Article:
10-8-01, 2:50 a.m. Updated:
10-8-01, 5:30 p.m.
BY GEOFF HOBSON
The Bengals' run defense, reeling from its worst outing in three decades, took another blow Monday when defensive tackle Tony Williams learned he had torn ankle ligaments and is out at least four weeks.
Trainer Paul Sparling said there is a chance Williams will miss the next three games and not return until after the club's bye week for the Nov. 11 game at Jacksonville.
"But it could be four weeks plus," Sparling said. "He's got a Grade 2 (medium) sprain in his mid foot. He'll be put in a cast tomorrow and see where he goes from there."
Williams hurt his foot in the first quarter of Sunday's 16-7 loss in Pittsburgh and returned to play in the second quarter after getting a X-Ray. The foot was so swollen Monday morning that he got another X-Ray that revealed the injury.
Williams, the Bengals' first free-agent signing of the past offseason when he inked a four-year $11 million deal, appeared to struggle with the injury in a game the Steelers rushed for 274 yards that was the most rush yards surrendered by the Bengals since 1972.
The Bengals don't plan to sign another lineman. They can now activate for games end Jevon Langford and rotate starting left end Vaughn Booker and backups Glen Steele and Bernard Whittington in Williams' spot. Either Steele or Whittington figures to start in place of Williams against the Browns.
CHANGE OF PACE?: Bengals head coach Dick LeBeau, unhappy with both sides of the ball, said Monday he's considering personnel changes for the Browns' game. LeBeau wouldn't get specific, but defense is the obvious place to look after his club allowed Pittsburgh 412 yards on many missed tackles.
Both Carters starting free safety Chris and third cornerback Tom figure to be scrutinized this week.
The problem is, their backups have been hurting, and JoJuan Armour and Darryl Williams are going to have to pass muster in practice to be considered. Second-year cornerbacks Robert Bean and Mark Roman could play in Tom Carter's spot, but Bean is probable with a strained right shoulder.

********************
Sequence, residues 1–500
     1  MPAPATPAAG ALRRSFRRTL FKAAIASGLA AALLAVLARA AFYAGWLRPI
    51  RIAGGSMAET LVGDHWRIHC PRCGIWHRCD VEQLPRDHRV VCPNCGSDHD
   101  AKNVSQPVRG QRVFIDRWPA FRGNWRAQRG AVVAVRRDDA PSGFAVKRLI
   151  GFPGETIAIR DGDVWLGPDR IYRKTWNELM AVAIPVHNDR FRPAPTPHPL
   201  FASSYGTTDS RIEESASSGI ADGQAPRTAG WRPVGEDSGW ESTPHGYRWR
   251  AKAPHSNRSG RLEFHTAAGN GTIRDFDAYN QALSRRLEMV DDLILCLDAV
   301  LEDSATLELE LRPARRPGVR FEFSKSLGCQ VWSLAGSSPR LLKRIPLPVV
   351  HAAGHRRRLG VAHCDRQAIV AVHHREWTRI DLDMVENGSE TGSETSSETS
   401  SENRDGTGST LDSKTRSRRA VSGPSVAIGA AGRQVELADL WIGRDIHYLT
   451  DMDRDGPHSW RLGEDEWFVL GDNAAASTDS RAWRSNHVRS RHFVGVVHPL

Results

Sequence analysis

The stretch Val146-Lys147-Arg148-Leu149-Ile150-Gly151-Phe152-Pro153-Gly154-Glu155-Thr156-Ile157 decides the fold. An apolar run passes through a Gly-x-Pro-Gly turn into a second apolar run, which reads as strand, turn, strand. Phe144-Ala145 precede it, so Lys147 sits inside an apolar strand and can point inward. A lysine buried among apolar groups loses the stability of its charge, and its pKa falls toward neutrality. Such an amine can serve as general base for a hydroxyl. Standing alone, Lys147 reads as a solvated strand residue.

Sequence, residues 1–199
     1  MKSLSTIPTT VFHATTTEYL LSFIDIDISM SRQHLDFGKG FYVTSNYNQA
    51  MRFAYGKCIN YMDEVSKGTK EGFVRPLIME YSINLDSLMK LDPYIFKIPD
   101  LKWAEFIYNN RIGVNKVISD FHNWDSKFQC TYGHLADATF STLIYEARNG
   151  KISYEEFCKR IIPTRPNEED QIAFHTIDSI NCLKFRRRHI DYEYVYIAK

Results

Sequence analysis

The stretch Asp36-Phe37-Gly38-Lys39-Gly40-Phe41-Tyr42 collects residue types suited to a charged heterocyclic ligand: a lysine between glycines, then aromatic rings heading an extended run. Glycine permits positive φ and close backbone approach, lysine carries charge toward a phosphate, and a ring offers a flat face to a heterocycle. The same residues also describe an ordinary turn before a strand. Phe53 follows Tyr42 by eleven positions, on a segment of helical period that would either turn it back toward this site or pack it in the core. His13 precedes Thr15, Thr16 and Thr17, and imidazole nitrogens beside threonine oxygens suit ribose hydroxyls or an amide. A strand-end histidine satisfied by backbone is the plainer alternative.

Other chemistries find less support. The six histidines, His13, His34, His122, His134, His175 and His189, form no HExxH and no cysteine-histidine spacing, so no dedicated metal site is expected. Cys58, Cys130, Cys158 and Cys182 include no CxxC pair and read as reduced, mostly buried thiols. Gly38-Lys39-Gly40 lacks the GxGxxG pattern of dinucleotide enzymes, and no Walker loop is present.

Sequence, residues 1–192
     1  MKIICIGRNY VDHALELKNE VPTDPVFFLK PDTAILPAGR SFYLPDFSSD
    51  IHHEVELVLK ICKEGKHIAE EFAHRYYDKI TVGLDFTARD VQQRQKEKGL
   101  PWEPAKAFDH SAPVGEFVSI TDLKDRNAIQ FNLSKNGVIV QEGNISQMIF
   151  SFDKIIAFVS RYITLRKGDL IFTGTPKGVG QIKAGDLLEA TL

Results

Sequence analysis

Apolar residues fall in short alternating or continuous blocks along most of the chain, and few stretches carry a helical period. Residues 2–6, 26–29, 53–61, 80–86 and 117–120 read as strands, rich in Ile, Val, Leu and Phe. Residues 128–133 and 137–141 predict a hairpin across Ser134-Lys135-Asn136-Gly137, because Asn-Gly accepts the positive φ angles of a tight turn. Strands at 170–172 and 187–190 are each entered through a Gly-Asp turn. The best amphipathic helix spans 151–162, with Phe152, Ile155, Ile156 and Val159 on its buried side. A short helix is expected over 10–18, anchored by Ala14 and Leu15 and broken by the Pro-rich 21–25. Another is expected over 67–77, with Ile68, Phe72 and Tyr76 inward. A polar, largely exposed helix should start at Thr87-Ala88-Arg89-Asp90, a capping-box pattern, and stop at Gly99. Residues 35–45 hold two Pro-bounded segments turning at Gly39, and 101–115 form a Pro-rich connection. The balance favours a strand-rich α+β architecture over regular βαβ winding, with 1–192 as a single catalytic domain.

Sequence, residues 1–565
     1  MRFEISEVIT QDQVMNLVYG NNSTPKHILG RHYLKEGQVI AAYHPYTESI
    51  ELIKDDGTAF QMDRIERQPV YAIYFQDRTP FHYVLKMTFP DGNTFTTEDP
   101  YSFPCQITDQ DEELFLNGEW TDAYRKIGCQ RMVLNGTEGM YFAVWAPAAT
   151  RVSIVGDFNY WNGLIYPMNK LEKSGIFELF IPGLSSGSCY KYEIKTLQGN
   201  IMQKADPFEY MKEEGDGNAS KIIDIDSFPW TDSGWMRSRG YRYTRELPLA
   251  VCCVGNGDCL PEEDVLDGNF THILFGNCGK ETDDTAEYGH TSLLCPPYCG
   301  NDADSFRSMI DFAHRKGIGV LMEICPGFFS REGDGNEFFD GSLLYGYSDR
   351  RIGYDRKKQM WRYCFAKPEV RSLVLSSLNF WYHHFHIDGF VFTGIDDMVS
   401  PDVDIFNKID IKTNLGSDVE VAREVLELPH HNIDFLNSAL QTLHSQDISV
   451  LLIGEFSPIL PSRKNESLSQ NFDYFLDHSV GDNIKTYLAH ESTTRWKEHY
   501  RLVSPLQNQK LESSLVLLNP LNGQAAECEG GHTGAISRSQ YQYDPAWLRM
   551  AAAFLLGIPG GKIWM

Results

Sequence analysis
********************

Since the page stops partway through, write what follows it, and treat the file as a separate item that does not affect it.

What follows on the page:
Wide receiver Peter Warrick is probable with a right knee bruise, but he could be limited for several days in practice. Linebacker Adrian Ross is questionable with a quadricep strain. **
DEFENSE ON RUN:** This wasn't supposed to happen to a defensive front seven advertised as deep and stingy. But there were the Bengals Sunday giving up 6.9 yards per rush as Steelers running back Jerome Bettis mauled them for 153 yards on 23 carries a week after Chargers rookie running back LaDainian Tomlinson gouged them for 107 yards on 21 carries.
The 255-pound Bettis' first run was a 48-yarder, the third longest bolt of his career and his longest rumble in 71 games when he scored on a 50-yarder against the Rams Nov. 3, 1996.
The Steelers' 274 yards rushing was their most in 13 years and the most the Bengals have given up since 1972.
Weren't the free-agent additions on the line of Tony Williams and Bernard Whittington, as well as the drafting of end Justin Smith with the fourth pick supposed to bolster a defense that was seventh in the NFL last season in allowing just 3.8 yards per rush?
Was it cut-backs? Was it the trickery of Steelers quarterback Kordell Stewart with his play-action option pitches, fake screens and quarterback draws? Was it misdirection to counter the Bengals' flowing pursuit?
"Don't give me any of that," said Bengals outside linebacker Takeo Spikes. "They ran right down our throats. I'm telling you what they did. They ran right down our damn throats. They just
ran over us."
Middle linebacker Brian Simmons shook his head: "Even if we won, I still would have been disappointed the way we just let Bettis run up and down the field."
The Bengals came out sluggish and paid for it on the Steelers' second play of the game when Bettis followed right guard Rich Tylski, bounced off strong safety Cory Hall, and raced 48 yards to put him within six yards of 10,000 career yards.
"You can't let a guy like that get started," said Bengals defensive end Vaughn Booker. "And you really can't let him get 40 yards on the second play of the game. He feeds off of that and he gets harder and harder to stop. It's simple. We missed some tackles."